People normally associate hypothyroidism with fatigue and obesity.
According to a new study in JAMA Network Open, hypothyroidism can cause even more devastating effects.
It can drastically weaken your bones, causing bone fractures and disability.
It can happen whether or not you know about your hypothyroidism.
The researchers obtained health information about 10,946 people collected in the Atherosclerosis Risk in Communities Study. This study enrolled its participants between 1987 and 1989 and is still following them today.
The participants were recruited from Maryland, North Carolina, Mississippi, and Minnesota, and the researchers ensured that the sample included enough younger and black subjects to make their findings more broadly applicable. Of the 10,946 participants, 5,943 (54.3%) were women.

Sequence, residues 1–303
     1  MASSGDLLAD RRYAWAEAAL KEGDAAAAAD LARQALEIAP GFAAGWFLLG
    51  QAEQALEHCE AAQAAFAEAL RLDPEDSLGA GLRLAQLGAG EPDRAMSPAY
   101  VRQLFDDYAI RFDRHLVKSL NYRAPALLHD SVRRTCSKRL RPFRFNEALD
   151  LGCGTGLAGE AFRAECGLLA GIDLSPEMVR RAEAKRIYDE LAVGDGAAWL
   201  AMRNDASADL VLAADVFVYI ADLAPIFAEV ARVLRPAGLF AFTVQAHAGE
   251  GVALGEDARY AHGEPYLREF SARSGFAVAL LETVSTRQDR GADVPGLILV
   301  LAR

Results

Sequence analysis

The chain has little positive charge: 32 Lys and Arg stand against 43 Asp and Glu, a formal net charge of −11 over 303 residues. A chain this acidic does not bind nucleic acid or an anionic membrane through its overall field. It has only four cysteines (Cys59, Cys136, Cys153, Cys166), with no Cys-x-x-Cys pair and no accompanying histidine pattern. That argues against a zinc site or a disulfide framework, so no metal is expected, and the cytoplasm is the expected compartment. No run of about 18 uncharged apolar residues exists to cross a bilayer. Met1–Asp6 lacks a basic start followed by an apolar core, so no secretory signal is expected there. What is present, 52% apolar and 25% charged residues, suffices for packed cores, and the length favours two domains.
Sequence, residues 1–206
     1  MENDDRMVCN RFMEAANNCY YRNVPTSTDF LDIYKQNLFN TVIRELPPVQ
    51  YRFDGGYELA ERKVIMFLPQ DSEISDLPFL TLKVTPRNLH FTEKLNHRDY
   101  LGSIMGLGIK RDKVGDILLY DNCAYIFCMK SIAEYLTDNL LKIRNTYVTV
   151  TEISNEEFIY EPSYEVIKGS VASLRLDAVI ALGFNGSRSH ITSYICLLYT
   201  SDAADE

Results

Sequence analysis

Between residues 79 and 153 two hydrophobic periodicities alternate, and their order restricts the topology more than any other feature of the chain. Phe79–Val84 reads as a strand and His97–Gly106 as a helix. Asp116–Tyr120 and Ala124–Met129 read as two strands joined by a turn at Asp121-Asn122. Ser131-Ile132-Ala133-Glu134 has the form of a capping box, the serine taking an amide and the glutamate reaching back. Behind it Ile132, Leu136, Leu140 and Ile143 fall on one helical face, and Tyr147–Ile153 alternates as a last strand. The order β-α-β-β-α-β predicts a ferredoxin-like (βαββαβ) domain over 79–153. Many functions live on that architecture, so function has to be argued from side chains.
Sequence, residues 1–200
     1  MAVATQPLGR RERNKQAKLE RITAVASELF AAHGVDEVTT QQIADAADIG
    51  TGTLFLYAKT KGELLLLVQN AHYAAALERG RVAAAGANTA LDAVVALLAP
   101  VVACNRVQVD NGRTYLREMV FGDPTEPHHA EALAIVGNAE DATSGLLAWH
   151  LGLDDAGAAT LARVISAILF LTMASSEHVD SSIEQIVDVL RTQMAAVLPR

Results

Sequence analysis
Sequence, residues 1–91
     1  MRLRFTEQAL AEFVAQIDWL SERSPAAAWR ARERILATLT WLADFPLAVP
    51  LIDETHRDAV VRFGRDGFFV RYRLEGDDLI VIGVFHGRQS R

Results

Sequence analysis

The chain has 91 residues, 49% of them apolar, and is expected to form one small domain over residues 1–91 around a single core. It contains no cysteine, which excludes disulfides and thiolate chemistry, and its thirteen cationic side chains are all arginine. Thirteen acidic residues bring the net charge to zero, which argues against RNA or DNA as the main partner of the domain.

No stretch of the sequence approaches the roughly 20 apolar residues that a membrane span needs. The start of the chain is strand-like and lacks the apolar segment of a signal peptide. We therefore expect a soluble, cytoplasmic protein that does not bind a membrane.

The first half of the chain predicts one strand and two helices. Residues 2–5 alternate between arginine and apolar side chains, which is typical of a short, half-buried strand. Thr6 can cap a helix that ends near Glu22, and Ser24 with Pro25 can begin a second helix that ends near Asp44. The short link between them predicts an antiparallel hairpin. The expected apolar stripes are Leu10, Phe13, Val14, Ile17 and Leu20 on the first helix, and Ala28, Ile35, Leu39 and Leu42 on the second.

Over the years, they underwent medical examinations that included a check of their thyroid-related hormones. Those with bone fractures were identified via hospitalization discharge codes and Medicare claims.
The researchers made the following discoveries.
1. Those with subclinical hyperthyroidism had a 34% greater chance of bone fractures than those with normal thyroid function.
2. Those with subclinical hypothyroidism had a 10% greater chance of bone fractures than those with normal thyroid function.
These findings indicate that subclinical hyperthyroidism is a far greater problem for bone health than subclinical hypothyroidism is.
This does not mean that you don’t have to worry about subclinical hypothyroidism, of course. It still seems to carry an increased fracture risk and a heart disease risk and thus needs to be prevented.